John McCain's September surprise
It's like 1984 all over again. Not the presidential race. Reagan annihilated Mondale in that contest winning 49 out of 50 states and a whopping 58 - 40 percent schlapping in the popular vote.Skip to next paragraph
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This is like November 23, 1984. A day of legend. Boston College down by four with six seconds remaining. Doug Flutie scrambles and heaves up a 48 yard Hail Mary. His favorite receiver is in the right place at the right time. BC wins. The colloquial "crowd goes wild" (not in Miami but around TV sets in New England, anyway). Flutie goes on to win the Heisman.
Is John McCain the new Doug Flutie?
McCain's move to suspend his campaign and his call to postpone the debate can be criticized, mocked, derided and chastised as a ploy to shake things up. To, as we referenced last night, change the conversation.
Things were not going well for the Republican candidate. Poll numbers - down. Jaws of life couldn't extract McCain's campaign manager from the Fannie Mae and Freddie Mac mess. Sarah Palin was pulling off the greatest impersonation ever of Dick Cheney in an undisclosed location and the press wasn't happy about it.
A political campaign has constant sea changes, but this week was a Titanic for McCain. A simple rearranging of the chairs on the deck wasn't going to work. He had to bail out. But he had to bail out in a way that didn't look like he was bailing out. Even though to many it completely looks like he's bailing out.
On the surface
Sure, McCain's rationale sounds good. He couches the decision well.
"Americans across our country lament the fact that partisan divisions in Washington have prevented us from addressing our national challenges," McCain said in a press conference. "Now is our chance to come together to prove that Washington is once again capable of leading this country."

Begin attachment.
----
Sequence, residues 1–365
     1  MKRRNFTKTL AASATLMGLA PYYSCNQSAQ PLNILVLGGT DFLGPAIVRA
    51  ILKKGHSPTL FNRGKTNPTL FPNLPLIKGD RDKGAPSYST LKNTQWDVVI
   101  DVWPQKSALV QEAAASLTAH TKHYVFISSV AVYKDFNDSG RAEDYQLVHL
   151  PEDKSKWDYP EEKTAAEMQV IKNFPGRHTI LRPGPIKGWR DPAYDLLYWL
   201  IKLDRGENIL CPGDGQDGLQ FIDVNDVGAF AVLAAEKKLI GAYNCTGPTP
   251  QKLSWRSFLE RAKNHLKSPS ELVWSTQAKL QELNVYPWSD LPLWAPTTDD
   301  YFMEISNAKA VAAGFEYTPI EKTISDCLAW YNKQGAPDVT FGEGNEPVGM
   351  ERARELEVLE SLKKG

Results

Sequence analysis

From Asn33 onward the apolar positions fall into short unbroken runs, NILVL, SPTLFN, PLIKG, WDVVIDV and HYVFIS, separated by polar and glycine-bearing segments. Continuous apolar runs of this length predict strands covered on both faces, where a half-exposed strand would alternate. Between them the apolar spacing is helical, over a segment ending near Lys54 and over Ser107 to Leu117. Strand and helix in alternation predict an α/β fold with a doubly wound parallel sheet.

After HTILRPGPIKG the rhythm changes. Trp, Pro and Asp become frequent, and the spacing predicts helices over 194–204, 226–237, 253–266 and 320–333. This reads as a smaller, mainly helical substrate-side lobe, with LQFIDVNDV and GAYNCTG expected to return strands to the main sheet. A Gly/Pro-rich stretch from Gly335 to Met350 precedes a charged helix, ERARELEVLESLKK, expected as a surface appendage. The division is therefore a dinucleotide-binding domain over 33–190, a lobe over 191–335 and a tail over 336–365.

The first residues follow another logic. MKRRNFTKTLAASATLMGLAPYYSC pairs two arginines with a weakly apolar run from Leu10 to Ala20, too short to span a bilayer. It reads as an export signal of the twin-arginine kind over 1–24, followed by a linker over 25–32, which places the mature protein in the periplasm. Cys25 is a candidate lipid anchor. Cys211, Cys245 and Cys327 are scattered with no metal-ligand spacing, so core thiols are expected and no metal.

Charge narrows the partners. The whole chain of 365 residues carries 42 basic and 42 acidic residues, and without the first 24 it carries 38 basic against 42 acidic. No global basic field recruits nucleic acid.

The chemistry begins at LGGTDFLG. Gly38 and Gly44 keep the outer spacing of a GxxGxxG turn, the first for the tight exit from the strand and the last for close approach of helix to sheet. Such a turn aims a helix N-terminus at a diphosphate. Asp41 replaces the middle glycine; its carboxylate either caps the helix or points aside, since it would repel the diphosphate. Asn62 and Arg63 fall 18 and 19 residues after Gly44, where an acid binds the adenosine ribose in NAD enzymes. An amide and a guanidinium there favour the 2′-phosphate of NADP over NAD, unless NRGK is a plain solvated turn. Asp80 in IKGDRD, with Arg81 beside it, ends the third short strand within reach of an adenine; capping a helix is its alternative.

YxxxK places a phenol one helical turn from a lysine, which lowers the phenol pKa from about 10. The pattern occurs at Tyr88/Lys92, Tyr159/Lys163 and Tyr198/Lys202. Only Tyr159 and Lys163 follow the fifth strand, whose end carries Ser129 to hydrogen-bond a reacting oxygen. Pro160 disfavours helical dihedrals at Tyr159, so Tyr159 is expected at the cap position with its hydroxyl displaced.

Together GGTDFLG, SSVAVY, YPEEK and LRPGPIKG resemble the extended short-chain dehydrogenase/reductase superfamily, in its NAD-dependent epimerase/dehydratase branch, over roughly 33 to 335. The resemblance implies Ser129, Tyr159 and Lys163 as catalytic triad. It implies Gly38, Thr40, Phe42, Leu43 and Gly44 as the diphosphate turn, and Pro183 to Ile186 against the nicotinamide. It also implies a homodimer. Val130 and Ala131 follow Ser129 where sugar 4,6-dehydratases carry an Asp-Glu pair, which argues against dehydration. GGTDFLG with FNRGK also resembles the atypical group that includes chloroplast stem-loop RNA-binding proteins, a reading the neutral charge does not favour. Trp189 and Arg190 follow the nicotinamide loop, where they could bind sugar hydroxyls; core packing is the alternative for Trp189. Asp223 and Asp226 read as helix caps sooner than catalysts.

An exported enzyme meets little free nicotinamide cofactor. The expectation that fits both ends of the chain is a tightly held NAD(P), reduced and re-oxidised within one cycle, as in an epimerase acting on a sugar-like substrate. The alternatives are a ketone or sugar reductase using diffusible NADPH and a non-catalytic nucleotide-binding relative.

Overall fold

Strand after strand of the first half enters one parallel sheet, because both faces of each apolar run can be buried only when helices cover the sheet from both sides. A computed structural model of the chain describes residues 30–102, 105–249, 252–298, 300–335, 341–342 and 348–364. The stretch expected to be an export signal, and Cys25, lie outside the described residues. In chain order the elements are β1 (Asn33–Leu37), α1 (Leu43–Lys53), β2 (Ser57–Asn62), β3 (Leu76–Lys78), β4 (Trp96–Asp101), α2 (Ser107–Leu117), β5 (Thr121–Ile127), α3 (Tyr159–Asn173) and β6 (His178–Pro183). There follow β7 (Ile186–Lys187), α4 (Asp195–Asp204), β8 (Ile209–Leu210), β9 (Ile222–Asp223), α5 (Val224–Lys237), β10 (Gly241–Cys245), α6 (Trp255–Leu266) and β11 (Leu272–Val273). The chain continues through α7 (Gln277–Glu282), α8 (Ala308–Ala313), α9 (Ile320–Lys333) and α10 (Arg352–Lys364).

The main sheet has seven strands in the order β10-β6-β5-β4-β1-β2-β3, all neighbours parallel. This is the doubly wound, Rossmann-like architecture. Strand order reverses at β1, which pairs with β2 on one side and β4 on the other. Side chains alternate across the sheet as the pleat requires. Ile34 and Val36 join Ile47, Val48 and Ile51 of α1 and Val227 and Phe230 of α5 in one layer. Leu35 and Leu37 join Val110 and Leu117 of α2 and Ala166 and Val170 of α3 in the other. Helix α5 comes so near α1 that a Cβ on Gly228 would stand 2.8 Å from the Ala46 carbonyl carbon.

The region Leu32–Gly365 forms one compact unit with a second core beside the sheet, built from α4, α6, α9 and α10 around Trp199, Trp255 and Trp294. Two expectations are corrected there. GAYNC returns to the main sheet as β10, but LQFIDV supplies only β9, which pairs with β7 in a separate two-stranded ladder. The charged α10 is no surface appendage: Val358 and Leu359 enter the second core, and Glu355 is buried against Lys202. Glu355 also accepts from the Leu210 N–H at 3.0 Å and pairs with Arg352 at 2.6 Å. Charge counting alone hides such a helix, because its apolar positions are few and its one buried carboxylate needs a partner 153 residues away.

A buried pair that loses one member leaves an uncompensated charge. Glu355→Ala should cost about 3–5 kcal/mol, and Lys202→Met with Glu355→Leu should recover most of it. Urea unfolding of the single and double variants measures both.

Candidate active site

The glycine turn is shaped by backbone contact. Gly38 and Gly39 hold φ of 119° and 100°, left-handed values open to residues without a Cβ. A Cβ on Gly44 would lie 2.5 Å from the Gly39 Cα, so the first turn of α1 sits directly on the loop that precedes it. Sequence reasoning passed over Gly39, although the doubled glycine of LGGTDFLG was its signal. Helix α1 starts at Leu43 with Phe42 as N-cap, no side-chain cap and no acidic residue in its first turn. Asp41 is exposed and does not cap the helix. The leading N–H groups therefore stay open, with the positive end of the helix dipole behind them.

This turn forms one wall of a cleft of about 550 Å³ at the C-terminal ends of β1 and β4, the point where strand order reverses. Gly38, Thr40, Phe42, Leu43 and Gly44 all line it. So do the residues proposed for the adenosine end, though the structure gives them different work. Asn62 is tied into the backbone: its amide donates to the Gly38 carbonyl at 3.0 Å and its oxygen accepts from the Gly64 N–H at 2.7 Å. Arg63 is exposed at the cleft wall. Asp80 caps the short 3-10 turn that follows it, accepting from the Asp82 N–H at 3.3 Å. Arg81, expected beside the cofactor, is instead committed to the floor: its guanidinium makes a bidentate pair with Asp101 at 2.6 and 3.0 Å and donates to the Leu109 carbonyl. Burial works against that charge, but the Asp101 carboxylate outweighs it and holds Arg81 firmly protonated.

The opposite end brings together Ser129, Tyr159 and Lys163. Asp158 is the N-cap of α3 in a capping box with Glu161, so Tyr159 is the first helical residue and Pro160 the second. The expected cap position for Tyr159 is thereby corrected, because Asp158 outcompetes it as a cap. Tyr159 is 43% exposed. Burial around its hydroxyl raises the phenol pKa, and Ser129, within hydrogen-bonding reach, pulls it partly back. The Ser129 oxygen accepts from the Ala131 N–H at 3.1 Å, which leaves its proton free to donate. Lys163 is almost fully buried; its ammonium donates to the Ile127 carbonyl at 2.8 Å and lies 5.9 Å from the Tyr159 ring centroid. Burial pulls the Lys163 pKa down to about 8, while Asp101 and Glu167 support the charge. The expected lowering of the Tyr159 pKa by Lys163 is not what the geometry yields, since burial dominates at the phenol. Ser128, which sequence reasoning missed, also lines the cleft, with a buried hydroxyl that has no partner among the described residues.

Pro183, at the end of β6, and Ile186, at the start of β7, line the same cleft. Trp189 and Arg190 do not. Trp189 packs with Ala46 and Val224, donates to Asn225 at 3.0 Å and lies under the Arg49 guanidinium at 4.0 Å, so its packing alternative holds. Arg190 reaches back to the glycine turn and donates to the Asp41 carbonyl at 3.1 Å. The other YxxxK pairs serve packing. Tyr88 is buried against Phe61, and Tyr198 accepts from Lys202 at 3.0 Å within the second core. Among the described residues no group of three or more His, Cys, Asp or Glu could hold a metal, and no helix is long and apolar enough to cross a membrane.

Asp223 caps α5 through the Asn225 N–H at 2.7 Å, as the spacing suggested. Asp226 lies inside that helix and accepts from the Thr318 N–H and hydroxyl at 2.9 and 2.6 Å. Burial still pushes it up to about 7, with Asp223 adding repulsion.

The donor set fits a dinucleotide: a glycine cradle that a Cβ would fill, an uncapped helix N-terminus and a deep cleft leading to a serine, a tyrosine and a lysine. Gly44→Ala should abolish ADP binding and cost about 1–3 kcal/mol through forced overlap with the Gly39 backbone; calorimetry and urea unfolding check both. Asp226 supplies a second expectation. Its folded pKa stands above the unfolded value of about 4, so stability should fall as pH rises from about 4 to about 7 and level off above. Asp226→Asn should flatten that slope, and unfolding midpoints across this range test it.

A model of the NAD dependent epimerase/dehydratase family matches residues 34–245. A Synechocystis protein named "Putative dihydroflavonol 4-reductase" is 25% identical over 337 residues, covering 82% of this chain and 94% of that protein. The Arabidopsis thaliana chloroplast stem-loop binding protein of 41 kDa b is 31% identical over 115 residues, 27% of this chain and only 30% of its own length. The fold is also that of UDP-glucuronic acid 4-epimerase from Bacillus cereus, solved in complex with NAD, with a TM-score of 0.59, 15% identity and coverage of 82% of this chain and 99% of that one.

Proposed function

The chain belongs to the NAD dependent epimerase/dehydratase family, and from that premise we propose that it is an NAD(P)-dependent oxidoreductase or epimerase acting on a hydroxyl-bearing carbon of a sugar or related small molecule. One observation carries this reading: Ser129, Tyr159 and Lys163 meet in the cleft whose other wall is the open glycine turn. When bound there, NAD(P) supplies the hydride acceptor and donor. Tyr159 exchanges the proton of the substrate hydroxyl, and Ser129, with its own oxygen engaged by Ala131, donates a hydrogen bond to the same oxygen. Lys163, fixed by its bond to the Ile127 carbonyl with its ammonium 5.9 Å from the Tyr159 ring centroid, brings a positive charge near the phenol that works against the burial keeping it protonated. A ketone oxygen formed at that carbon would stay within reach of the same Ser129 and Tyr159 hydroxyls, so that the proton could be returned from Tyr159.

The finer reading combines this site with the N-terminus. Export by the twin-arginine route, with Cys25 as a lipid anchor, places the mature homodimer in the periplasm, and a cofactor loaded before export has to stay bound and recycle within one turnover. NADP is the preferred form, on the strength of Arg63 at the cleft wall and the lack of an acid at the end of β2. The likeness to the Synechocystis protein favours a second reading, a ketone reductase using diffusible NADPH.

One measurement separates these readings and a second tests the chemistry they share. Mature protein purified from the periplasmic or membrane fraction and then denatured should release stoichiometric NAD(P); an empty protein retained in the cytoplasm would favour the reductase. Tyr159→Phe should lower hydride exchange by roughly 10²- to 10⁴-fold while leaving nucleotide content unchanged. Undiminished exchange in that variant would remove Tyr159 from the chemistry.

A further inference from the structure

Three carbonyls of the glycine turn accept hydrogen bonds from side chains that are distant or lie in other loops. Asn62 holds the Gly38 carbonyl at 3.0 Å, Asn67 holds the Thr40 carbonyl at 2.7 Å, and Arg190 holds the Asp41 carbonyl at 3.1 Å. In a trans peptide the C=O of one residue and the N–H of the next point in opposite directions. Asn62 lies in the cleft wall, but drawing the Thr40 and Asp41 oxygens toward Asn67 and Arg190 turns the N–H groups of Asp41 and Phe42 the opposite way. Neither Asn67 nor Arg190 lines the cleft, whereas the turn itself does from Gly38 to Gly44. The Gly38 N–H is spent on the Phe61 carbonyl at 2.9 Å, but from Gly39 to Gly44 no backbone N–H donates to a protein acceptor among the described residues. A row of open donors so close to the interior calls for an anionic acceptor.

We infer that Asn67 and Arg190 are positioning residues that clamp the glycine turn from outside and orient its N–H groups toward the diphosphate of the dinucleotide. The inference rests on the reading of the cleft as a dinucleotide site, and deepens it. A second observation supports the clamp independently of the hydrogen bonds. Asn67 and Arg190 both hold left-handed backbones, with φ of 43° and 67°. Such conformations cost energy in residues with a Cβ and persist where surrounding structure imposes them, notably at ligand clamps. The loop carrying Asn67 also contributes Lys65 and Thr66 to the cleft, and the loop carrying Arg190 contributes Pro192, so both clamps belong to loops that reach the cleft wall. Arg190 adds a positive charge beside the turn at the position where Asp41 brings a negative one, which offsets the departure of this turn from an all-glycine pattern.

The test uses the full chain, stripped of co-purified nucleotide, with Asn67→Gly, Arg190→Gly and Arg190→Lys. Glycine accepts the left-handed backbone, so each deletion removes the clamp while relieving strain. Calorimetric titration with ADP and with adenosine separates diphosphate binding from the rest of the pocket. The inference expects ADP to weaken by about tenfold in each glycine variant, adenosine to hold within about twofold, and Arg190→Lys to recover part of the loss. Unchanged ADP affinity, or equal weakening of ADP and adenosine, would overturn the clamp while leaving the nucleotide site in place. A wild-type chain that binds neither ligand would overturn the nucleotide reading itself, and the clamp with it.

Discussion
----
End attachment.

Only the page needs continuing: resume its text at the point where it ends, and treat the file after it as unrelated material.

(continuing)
And while eventually there was a joint statement put out by the two campaigns agreeing to broad principles to help resolve the crisis, it would appear McCain dragged his feet a bit in order to get the leadership spotlight on him.
Asked about the joint statement by CBS's Katie Couric yesterday, McCain said, "This is not the time for statements. ... I think the American people expect more of us. And I would hope that we would respond that way."
"We discussed that we do agree, and I'd be glad to -- to join in a common press release or statement, but now is not the time for statements. Time is now to act," he added.
So while Saturday Night Live has some rich new material, the conversation has changed. It has been successful in the few hours since it happened. And in the 24 second news cycle, that's a success. The only talk is McCain's move.